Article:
• Custom: use para conectar um tempo de execução para WebIDE usando um nome e porta arbitrária. A partir do Firefox 36, ste tipo de tempo de execução é renomeado "Other". Se você tiver o Valence add-on instalado, esta seção também irá listar os tempos de execução adicionais permitidos

Da primeira vez que você clicar no dropdown, pode ser que você não veja nenhum tempo de execução:

O restante desta seção descreverá como você pode adicionar alguns runtimes.

Conectando um dispositivo Firefox OS

Antes de conectar um dispositivo OS Firefox , existem algumas configurações que você deve fazer:

  • Veja a versão do seu Firefox OS: make sure your device is running Firefox OS 1.2/Boot2Gecko 1.2 or higher. To check the version, go to the Settings app on the device, then Device Information > Software. If you don't have a high enough version, find your device in the developer phone guide and follow the instructions for upgrading.
  • Ativar a depuração remota: in the Settings app on the device, go to Device information > More information > Developer.
    • Firefox OS 1.3 and earlier: "Remote Debugging" is just a simple checkbox. Check it.
    • Firefox OS 1.4 and later: "Remote Debugging" asks you to enable for just ADB, or for ADB and DevTools. Select "ADB and DevTools".
  • Desativar o bloqueio de tela do dispositivo: in the Settings app on the device, go to Screen Lock and unchecking the Lock Screen checkbox. This is a good idea because when the screen gets locked, the phone connection gets lost, meaning it is no longer available for debugging.
  • if you want to debug certified apps, including built-in apps: see the section on debugging certified apps.

Linux only:

  • add a udev rules file, as documented in step 3 of this guide to setting up an Android device. The idVendor attribute to use for the Geeksphone is "05c6", and this page lists other idVendor values.

Windows only:

If there are any other Android devices connected to your computer, disconnect them. Now connect the device to the computer using USB. You should see the device appear under "USB DEVICES":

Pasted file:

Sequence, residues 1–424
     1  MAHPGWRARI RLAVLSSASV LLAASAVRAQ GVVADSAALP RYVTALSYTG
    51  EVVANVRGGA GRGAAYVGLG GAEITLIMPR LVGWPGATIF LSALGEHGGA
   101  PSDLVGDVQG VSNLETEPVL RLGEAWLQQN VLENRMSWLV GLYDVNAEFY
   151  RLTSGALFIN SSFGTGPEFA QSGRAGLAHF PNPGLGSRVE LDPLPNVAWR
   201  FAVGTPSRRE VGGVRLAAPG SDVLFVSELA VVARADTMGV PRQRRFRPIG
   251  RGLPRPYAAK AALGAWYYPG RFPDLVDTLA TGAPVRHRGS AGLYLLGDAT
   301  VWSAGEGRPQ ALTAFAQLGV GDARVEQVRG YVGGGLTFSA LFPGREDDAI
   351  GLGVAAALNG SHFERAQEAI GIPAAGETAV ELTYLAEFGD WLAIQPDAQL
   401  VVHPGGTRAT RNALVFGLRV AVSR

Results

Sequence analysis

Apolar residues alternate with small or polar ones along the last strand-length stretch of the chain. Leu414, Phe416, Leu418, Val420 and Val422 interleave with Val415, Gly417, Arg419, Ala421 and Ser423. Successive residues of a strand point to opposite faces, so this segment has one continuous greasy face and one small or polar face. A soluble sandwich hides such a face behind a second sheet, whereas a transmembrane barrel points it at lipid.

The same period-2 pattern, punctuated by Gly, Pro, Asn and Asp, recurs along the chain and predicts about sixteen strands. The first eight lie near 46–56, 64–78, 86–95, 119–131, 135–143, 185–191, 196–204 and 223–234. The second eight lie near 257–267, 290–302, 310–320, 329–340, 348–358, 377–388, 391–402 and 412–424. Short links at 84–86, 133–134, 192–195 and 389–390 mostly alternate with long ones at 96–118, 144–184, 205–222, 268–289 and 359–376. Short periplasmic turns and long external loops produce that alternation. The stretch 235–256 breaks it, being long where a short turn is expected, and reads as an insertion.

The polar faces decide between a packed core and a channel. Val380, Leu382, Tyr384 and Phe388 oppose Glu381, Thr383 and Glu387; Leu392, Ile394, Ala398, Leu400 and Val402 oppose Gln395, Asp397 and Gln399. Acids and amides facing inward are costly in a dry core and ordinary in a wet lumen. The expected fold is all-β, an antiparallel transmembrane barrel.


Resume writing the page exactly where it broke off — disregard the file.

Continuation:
If you don't see your device, see the Troubleshooting page.

Adding a Simulator

The Firefox OS Simulator is a version of the higher layers of Firefox OS that simulates a Firefox OS device, but runs on the desktop. It runs in a window the same size as a Firefox OS device, includes the Firefox OS user interface and built-in apps, and simulates many of the Firefox OS device APIs.

This means that in many cases, you don't need a real device to test and debug your app.

The Simulator is big, so it doesn't ship inside Firefox but as a Firefox add-on. If you click "Install Simulator" in the Runtimes dropdown menu, you will go to a page from which you can install Simulators for various versions of Firefox OS.

You can install as many as you like. Be patient, though: the Simulator is large and may take a few minutes to download. Once you've installed some Simulators you can close this "Extra Components" window, and the Simulators you've installed appear as options in the Runtimes dropdown menu:

To learn more about the Simulator, see its documentation page.

Custom runtimes

With a custom runtime you can use an arbitrary hostname and port to connect to the remote device.

Under the hood, Firefox OS devices and Android devices connect to the desktop using a program called the Android Debug Bridge, or ADB. By default, the WebIDE uses an add-on called the ADB Helper: this simplifies the process for you by installing ADB and setting up port forwarding so the Firefox desktop tools can exchange messages with the device.